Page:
Rhodesia, a country in southern Africa, was a fairly prosperous British colony until the mid-1960s; however, the black African majority of Rhodesia was ruled by a handful of white leaders. The country fought Great Britain in a 15-year war for independence, which it ultimately achieved in 1980. Zimbabwe, as the new country became known, saw its prosperity decline dramatically under Robert Mugabe, its first ruler. He seized total control over the country and persecuted his political enemies. In recent years, Mugabe's policies—such as military involvement in the Congolese civil war and a land redistribution program—as well as government corruption have devastated the country economically. Although Mugabe's agreed to a power-sharing arrangement in 2009, many political issues remain unresolved. As a result, the future of Zimbabwe is uncertain.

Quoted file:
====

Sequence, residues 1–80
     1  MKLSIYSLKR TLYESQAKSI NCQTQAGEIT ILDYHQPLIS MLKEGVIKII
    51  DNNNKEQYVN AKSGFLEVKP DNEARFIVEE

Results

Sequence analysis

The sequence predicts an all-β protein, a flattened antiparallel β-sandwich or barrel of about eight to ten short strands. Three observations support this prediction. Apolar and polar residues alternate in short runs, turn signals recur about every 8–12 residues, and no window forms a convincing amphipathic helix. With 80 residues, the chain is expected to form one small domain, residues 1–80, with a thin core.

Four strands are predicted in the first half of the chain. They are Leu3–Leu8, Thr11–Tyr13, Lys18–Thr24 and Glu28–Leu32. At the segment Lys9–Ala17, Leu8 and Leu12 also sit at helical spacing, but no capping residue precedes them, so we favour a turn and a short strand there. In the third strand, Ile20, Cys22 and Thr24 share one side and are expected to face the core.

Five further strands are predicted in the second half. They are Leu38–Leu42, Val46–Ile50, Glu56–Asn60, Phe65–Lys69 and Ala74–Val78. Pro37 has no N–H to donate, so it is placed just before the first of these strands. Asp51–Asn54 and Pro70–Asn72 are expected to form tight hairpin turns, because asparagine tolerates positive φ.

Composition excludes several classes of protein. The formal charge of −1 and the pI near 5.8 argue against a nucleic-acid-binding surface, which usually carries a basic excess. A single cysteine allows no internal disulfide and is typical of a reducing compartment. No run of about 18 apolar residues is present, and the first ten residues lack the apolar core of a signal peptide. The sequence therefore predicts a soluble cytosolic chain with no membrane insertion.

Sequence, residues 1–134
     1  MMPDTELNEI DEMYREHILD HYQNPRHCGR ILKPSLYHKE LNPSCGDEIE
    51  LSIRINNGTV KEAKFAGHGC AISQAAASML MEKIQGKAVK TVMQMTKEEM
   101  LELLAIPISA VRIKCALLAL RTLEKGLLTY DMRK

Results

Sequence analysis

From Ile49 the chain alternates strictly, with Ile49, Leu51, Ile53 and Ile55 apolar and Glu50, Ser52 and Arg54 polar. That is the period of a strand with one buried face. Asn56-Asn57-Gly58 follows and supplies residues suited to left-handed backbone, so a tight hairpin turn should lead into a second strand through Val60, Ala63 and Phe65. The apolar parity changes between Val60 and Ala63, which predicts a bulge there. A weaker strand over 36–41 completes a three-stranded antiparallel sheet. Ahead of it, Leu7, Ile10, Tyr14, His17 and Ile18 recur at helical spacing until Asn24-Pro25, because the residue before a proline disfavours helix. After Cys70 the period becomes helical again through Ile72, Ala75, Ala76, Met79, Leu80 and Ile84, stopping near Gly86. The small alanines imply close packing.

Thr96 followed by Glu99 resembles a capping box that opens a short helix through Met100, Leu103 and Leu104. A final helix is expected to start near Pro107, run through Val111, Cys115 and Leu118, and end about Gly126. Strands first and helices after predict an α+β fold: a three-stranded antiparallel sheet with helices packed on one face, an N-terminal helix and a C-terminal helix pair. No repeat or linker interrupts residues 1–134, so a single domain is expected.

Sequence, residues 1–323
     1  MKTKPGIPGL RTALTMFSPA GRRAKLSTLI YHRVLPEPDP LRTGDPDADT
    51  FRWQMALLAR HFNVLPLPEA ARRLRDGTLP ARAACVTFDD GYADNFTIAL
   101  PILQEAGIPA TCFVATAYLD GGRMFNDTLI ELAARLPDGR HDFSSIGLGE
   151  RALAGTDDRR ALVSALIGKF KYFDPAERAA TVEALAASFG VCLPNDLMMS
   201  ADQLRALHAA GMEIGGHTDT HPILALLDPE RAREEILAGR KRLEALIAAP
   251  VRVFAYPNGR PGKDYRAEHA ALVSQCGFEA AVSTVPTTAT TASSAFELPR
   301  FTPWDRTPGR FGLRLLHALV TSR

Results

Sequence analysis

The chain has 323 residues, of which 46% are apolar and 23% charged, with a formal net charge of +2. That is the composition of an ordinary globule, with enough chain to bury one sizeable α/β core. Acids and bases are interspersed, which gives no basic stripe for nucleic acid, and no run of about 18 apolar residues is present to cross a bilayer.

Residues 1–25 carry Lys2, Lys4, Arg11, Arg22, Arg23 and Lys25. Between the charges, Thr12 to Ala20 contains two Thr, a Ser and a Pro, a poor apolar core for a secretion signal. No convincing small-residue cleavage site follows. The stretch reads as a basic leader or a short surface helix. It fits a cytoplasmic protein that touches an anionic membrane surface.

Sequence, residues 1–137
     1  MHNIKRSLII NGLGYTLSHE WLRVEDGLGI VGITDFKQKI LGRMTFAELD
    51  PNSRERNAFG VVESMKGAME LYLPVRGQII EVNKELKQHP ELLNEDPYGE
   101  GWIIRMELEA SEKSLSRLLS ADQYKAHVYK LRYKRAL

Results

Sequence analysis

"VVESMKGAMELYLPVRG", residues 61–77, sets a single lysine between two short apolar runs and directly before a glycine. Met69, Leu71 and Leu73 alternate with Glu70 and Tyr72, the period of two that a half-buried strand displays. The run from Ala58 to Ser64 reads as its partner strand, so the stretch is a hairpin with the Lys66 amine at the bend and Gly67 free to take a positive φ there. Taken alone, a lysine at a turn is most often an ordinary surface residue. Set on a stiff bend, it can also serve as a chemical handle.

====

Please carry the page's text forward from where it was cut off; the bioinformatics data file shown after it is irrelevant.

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More books in this series: The Evolution of Africa's Major Nations